Vitaminwater Active Aims For Average, With 'Sorta-Fit Guy'

Coca-Cola’s new Vitaminwater Active came out of the gate in late 2017 positioning itself as “The Sports Drink for the Rest of Us.” 

The unstated implication: It’s not looking to compete with PepsiCo’s Gatorade. Or, in phrasing now being used on Vitaminwater Active’s social media, it’s “the sports drink for regular people (not the regular drink for sports people).” 

Originally sold in 7-Elevens, H-E-B stores in Texas, and Target stores in Nevada and California, the line has now been rolled out in mass-market retail channels across the country, and the brand is launching a full-fledged campaign from Zambezi. 

The campaign includes a series of Instagram Stories ads focused on “the funner side of fitness” — “fun” being a new creative approach for the Vitaminwater brand. 



The first video introduces Active’s “Sorta-Fit Spokesguy.” This very average-looking guy explains what “sorta fit” means: “I work out, but I don’t take my shirt off… I lift weights, but I don’t look in the mirror... Or if I do, I won’t make eye contact with myself.” He also very matter-of-factly admits: “Sometimes I’ll go to the gym, and if I can’t find parking, I’ll go home.” 

Out-of-home ads in major markets, including New York City, Denver and Los Angeles, bear messaging such as “The official sports drink of two-a-weeks,” and “Bring your b (vitamin) game,” in addition to the official tagline. The billboards and other OOH formats are located near gyms, parks, running and hiking paths and other high-traffic locations. 

In addition, the brand will be offering sampling at fitness locations. 

The Vitaminwater Active line has Vitamins C, E, B5, B6, and B12, and electrolytes said to be derived from coconut water and sea salt.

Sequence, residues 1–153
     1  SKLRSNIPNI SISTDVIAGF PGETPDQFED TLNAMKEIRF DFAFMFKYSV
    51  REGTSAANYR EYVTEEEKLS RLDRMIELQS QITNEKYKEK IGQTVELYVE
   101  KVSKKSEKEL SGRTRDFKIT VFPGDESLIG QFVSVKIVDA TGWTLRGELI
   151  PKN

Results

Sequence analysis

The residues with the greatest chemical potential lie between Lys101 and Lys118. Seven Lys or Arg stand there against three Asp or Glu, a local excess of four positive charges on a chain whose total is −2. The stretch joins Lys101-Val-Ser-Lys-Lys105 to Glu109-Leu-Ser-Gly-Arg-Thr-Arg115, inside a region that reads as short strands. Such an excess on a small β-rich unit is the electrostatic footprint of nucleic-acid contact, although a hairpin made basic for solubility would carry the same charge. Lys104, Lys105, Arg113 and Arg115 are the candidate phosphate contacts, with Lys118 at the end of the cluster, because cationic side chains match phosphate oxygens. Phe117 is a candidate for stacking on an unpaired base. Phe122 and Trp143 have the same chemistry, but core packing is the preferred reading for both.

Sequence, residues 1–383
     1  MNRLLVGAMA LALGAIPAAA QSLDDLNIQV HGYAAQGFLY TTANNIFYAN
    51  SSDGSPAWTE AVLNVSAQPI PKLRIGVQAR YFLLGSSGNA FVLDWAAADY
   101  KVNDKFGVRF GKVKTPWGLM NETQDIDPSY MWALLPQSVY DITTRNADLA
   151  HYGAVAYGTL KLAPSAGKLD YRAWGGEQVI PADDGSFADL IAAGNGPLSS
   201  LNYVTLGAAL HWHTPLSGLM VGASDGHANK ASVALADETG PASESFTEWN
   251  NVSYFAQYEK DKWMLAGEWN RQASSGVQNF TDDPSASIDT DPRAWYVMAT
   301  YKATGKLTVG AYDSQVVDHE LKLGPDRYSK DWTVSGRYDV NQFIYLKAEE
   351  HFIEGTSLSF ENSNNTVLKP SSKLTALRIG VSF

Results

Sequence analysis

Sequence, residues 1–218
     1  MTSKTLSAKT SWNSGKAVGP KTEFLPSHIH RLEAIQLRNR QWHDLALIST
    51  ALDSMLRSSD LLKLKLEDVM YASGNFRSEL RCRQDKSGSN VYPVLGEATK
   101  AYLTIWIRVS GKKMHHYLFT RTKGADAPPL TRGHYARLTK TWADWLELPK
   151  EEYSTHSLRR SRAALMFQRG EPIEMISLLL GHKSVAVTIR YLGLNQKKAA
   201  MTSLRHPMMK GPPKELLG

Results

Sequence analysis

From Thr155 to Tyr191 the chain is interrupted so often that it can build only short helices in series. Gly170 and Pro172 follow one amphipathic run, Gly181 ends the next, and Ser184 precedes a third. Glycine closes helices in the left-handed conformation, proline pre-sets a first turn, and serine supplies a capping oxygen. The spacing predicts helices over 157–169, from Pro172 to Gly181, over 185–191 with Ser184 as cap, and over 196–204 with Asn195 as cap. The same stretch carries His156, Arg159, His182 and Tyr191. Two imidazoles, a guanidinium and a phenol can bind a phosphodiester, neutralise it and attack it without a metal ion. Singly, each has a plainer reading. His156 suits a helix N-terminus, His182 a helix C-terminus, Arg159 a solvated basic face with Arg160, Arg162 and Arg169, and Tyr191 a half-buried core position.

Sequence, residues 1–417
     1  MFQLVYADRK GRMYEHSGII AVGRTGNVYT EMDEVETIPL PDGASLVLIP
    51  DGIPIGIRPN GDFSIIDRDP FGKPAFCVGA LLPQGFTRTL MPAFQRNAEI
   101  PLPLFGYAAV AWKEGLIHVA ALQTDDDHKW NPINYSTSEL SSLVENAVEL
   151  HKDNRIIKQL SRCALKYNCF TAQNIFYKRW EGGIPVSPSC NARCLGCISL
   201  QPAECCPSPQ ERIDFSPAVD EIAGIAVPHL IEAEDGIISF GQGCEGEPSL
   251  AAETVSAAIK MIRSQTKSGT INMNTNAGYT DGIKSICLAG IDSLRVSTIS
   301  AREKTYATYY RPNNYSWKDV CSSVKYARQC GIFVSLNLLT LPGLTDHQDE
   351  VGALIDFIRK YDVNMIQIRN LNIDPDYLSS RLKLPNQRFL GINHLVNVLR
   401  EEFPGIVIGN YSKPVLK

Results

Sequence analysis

It’s sweetened with cane sugar, and has about 25 grams of sugar and 100 calories per 15.2-ounce bottle — a bit lower than regular Vitaminwater’s more than 30 grams of sugar and about 120 calories. 

And the Active line — which comes in three flavors with workout-related names (e.g., “Pump It” for lemon-lime) — isn’t using words like “healthy,” “energy,” and “endurance,” or making health claims in its marketing. 

Such messaging, used in past campaigns for the original Vitaminwater line, spawned lawsuits charging the brand with deceptively positioning the beverages as healthy, despite its high sugar content. (A 2016 settlement of a suit brought by the Center for Science in the Public Interest barred further use of health claims and required that “with sweeteners” be added to the brand's front label.) 

In contrast, Vitaminwater Active’s promise is simple and modest.  The Sorta-Fit Guy describes the product as “the drink that gives you the sports-level hydration you need to get a good workout.” 

Vitaminwater also offers a Zero line, with no calories and no sugar, that is instead sweetened with erythritol and stevia.

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